Courage isn’t easily won, it’s something that one has to fight for; it means coming face-to-face with things that are frightening, things that are outside of normality –and choosing to say yes. It’s easy to feign bravery, but just as easily, we can curl into the fetal position like the cowardly lion from the Wizard of Oz. However, there are instances when our goals are tested, when people need us the most, and that’s when we demonstrate unknown strength. Like the cowardly lion, we tend to find that we had the courage all along when standing against all odds, proving to be extraordinary.
Extraordinary people are stimulated by the notion of risk-taking, they’re drawn to the idea of stepping out and being bold. Even shy people can be extraordinary, finding the courage to step up in front of thousands. The most unlikely people choose to be NBA players, astronauts, television producers, and CEOs. The decision to take risks and make bold choices is often rewarded.
In the face of overwhelming odds, companies have remained successful. Starbucks, for instance, has done this. One of my favorite books happens to be “Onward: How Starbucks Fought for its Life without Losing its Soul.” It tells the story of the company’s executives, and their journey toward continued success despite the threat of risk, public failure, and personal failure after experiencing a 42 percent stock drop following the onset of the recession.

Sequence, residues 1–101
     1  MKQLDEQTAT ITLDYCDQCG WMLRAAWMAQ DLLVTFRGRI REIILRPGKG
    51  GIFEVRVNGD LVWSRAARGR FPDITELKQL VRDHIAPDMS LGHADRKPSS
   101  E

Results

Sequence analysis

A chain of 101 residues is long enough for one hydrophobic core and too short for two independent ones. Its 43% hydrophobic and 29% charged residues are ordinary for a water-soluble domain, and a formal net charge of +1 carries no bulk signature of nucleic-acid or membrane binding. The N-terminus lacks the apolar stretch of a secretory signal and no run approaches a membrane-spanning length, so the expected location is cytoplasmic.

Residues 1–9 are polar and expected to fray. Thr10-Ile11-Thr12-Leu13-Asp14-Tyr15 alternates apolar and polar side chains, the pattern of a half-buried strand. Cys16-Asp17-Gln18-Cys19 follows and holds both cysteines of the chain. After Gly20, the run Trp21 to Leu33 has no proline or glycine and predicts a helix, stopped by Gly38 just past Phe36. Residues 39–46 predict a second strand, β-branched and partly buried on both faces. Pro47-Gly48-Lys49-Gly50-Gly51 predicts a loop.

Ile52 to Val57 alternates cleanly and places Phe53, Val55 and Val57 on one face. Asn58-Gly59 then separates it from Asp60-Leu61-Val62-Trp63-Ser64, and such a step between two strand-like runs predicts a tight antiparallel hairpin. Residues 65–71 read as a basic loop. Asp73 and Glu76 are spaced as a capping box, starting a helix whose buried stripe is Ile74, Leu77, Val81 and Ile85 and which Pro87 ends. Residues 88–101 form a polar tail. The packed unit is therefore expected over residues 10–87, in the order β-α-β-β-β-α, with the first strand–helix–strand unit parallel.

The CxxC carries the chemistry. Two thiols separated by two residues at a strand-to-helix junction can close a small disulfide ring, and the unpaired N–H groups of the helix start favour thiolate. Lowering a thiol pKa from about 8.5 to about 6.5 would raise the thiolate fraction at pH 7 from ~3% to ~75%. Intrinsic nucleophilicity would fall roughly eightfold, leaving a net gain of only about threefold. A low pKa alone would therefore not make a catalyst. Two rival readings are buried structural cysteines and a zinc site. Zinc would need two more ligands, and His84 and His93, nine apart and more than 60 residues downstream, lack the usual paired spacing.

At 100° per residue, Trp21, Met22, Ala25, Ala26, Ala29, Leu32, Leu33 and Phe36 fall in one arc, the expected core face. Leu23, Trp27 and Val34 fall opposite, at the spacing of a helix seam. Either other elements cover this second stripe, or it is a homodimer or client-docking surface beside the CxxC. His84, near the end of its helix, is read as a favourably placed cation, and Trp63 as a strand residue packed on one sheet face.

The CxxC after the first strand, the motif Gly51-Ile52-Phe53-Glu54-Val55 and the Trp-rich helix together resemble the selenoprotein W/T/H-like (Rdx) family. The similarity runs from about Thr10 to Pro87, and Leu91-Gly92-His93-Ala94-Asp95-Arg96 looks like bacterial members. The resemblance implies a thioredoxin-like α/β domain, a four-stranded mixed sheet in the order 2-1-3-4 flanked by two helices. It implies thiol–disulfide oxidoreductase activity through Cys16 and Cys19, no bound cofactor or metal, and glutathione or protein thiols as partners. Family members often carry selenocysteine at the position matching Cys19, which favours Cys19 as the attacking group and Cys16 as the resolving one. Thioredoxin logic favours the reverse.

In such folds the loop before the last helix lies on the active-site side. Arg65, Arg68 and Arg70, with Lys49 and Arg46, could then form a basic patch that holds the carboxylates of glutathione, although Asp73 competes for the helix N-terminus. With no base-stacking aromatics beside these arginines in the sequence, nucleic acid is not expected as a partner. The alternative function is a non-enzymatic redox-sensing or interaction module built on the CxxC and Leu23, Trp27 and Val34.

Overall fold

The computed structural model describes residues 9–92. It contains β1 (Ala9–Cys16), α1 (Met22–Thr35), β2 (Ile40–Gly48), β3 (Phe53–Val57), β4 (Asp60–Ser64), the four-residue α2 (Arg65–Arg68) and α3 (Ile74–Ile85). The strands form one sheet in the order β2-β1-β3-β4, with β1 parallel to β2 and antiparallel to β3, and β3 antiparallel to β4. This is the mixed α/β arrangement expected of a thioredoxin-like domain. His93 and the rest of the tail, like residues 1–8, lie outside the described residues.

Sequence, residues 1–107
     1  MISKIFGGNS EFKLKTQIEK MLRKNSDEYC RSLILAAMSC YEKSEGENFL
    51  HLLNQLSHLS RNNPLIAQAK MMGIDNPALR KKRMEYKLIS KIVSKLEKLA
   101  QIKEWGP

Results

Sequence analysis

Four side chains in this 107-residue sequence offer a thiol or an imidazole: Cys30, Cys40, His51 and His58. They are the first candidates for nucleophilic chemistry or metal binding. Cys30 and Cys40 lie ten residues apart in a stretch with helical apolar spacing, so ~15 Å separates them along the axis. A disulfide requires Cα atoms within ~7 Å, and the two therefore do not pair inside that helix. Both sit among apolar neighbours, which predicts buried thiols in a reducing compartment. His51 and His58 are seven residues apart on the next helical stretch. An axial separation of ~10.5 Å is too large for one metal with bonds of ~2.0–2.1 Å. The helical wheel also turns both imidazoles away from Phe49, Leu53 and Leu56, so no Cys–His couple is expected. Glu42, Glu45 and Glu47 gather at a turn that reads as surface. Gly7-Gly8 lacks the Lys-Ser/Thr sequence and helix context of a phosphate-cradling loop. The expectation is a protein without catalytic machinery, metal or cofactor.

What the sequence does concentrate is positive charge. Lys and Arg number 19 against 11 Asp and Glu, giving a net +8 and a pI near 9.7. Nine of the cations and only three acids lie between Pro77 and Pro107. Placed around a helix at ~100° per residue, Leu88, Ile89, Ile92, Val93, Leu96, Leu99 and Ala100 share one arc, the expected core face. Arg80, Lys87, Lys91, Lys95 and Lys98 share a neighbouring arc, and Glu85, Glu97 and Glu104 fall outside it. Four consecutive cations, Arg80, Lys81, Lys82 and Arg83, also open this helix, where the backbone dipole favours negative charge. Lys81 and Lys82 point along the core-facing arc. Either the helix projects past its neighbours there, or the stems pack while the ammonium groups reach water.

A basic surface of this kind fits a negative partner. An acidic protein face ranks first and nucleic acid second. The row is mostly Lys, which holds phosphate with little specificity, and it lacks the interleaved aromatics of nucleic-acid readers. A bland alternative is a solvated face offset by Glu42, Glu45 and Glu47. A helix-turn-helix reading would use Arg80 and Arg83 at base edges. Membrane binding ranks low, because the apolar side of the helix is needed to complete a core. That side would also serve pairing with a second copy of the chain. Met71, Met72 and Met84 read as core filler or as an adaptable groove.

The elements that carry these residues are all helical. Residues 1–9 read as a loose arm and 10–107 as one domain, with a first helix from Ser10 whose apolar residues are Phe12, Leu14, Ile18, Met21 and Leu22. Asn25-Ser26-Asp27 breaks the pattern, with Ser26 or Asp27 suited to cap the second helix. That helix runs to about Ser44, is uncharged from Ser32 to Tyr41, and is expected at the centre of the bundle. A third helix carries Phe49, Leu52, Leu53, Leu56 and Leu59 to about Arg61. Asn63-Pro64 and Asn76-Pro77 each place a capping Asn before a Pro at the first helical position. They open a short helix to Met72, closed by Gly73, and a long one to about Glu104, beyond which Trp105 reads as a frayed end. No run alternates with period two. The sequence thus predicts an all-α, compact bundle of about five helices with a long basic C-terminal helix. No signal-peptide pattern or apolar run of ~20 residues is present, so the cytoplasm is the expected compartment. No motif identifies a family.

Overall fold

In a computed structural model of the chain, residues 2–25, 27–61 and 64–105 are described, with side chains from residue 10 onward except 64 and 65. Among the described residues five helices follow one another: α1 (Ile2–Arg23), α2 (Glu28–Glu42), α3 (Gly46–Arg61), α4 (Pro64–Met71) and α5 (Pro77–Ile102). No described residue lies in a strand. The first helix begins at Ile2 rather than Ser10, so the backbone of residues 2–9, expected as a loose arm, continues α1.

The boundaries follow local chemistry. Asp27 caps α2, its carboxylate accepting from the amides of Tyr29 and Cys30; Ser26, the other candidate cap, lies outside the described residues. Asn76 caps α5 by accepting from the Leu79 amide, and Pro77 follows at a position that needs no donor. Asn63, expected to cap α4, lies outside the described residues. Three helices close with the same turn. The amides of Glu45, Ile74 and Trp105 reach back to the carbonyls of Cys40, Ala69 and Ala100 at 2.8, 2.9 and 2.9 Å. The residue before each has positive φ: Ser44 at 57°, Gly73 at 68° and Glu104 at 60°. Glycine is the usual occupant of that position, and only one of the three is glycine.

Rather than give up, Schultz, the chairman, returned as the CEO; he closed stores across the U.S. for 3 ½ hours to retrain baristas; he invited people to email him directly, and immediately received 5,000 emails, and he launched Starbucks’ first national advertising campaign. He raised wages and offered healthcare to employees, he compensated loyal customers with rewards cards; and he did it although no one thought it could be done. He warmly laughed in the face of naysayers, because courage had won. Having faith in one’s own intuition is more important than presiding fear or doubt. Fear and anxiety are normal in challenging situations, but Nelson Mandela said it best, when he stated, “courage is not the absence of fear, but the triumph over it.”
“An Introduction to Courage” is the third post in a series published around the “Dare To Be Extraordinary” address, shared at the independently organized TED event, TEDx Adelphi University. The preceding pieces are “An Introduction to Extraordinary” and “An Introduction to Passion.”
Christine M. Riordan, PhD, is the 10th president of Adelphi University in New York. Her writing focuses on diversity and inclusion, leadership effectiveness, and career success. Follow her on Twitter at @Chris_M_Riordan.
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